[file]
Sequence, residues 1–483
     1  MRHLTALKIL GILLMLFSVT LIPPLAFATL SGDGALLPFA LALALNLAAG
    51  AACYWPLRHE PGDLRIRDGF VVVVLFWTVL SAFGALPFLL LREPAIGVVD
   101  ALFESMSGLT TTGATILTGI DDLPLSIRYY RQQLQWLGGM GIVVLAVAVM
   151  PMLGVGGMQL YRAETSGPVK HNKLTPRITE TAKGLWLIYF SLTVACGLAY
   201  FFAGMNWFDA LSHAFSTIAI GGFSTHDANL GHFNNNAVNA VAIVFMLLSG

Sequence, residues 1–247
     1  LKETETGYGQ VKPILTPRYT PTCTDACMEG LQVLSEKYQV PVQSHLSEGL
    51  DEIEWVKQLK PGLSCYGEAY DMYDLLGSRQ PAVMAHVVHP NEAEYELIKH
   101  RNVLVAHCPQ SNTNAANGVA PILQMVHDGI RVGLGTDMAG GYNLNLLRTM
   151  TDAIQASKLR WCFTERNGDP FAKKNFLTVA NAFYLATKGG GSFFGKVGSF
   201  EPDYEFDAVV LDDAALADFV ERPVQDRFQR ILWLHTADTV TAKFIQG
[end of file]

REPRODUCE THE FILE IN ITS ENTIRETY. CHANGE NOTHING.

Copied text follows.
Sequence, residues 1–483
     1  MRHLTALKIL GILLMLFSVT LIPPLAFATL SGDGALLPFA LALALNLAAG
    51  AACYWPLRHE PGDLRIRDGF VVVVLFWTVL SAFGALPFLL LREPAIGVVD
   101  ALFESMSGLT TTGATILTGI DDLPLSIRYY RQQLQWLGGM GIVVLAVAVM
   151  PMLGVGGMQL YRAETSGPVK HNKLTPRITE TAKGLWLIYF SLTVACGLAY
   201  FFAGMNWFDA LSHAFSTIAI GGFSTHDANL GHFNNNAVNA VAIVFMLLSG

Sequence, residues 1–247
     1  LKETETGYGQ VKPILTPRYT PTCTDACMEG LQVLSEKYQV PVQSHLSEGL
    51  DEIEWVKQLK PGLSCYGEAY DMYDLLGSRQ PAVMAHVVHP NEAEYELIKH
   101  RNVLVAHCPQ SNTNAANGVA PILQMVHDGI RVGLGTDMAG GYNLNLLRTM
   151  TDAIQASKLR WCFTERNGDP FAKKNFLTVA NAFYLATKGG GSFFGKVGSF
   201  EPDYEFDAVV LDDAALADFV ERPVQDRFQR ILWLHTADTV TAKFIQG